Letter from Ian Nagoski

black-mirror-cover

Hi, folks.

It’s been a while. I’m lousy at being in touch.I try to put myself out there on the Social Nutworking, but it only goes so far. Sometimes you have to write a 1999-style mass email. Think of it as an Easter letter.

The big news is that I’m developing, along with two producers at WYPR, Lawrence Lanahan and Bruce Wallace, a radio show called Fonotopia.

http://www.fonotopiaradio.wordpress.com

The format is me talking and playing 78rpm-era records. Each show is themed—an era, a location or a general concept. We have four episodes finished (I think the fourth, titled “A Short Life of Trouble,” will be posted Friday April 2). We have serious hopes that it will be picked up by our local National Public Radio affiliate and by other radio stations. It’s new terrain.

My imprint, Canary Records (manufactured and distributed by Mississippi Records in Portland, OR) got two records out in the second half of last year, and they did as well as we hoped. There are three more releases currently being mastered and designed. They are:

Marika Papagika – The Further the Flame, The Worse It Burns Me: Greek
Folk Music in New York 1919-28
(that one will be out within the next eight weeks; as you may know, I’ve been working on it steadily for three years now. The notes will be a chapbook – some 4000 words.)

v/a – To What Strange Place: Armenians & Syrians in America, 1912-27

and its companion

v/a – The Luminous Interval: Greeks in America, 1916-32

which together with the Marika disc finally bring together my work on the Ottoman diaspora in the U.S.

And soon to follow, further LPs of rural Balkan performances, Javanese and Sundanese classical music and Indian classical vocal masterpieces are “in the works.” And there are negotiations on some ace Turkish stuff. Just you wait!

As all of this has been happening, I have been neglecting to leave the house for days on end and my social life is rapidly approaching nil. I hope to rectify this by doing some live shows. In that department, I’ll be giving at talk at a Sound Art festival here in Balto in mid-May on the cheery subject of “recordings of vocal music responses to grief.”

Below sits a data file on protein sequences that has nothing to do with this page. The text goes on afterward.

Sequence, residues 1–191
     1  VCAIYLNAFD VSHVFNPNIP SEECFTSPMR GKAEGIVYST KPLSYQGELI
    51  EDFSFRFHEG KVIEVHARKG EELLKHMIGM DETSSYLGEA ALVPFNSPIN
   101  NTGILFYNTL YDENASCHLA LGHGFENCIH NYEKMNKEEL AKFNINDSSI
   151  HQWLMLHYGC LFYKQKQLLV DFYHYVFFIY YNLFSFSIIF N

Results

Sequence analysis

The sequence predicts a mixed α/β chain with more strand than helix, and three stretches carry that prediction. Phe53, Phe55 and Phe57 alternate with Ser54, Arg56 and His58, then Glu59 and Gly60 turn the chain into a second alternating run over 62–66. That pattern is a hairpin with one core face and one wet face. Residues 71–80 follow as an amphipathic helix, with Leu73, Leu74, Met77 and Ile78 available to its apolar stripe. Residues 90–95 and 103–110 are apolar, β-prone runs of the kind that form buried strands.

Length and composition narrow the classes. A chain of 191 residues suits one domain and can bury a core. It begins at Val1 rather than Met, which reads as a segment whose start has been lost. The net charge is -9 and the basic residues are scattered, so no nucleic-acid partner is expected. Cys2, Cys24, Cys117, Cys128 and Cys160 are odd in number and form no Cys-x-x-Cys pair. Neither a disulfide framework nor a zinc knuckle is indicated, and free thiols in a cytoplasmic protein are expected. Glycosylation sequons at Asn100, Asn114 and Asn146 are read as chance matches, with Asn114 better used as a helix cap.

And then, in early July I’ll celebrate the release of the Ottoman-American LPs on Canary with a show at 2640.

And I’m hoping to make it out to the SF/Portland/Seattle area in the Summer. If you know anyone who wants to book an enthusiastic music nut at their venue or festival… I’ve already asked a lot, haven’t I?

More good news: Black Mirror is supposed to be coming out of vinyl later this year, says Lance at Dust-to-Digital, and it continues to get nice plugs including this one on BoingBoing.net last week (which resulted in the Papagika video being watched seven thousand times in 24 hours!):
http://www.boingboing.net/2010/03/24/-i-first-heard-this.html

be well.
keep on truckin,
Ian

Ian Nagoski on American labels and blogs who are finding and sharing good music from all over the world (from Arthur No. 32)

PEARL DIVING
Notes on a Few Americans Finding Musical Jewels in International Waters

by Ian Nagoski

from Arthur Magazine No. 32 (Dec 2008)

Record players are altars. The listener first goes through a repertoire of ritual gestures, removing the black spiral-inscribed disc from the sleeve, holding it by the edge and label and placing its center through the spindle before lifting the tone arm and placing it at the edge of the spinning disc. The air in the room begins to move, and the memory held by the disc of a performance by some living, breathing person is reiterated, separated from its image and corporeality in an angelically invisible space. Some part of the listener enters into that space and goes into communion with the unseen force of the sound.

It is magical and mysterious stuff, this impulse for sound-play that is universal among human beings through all times and places on earth.
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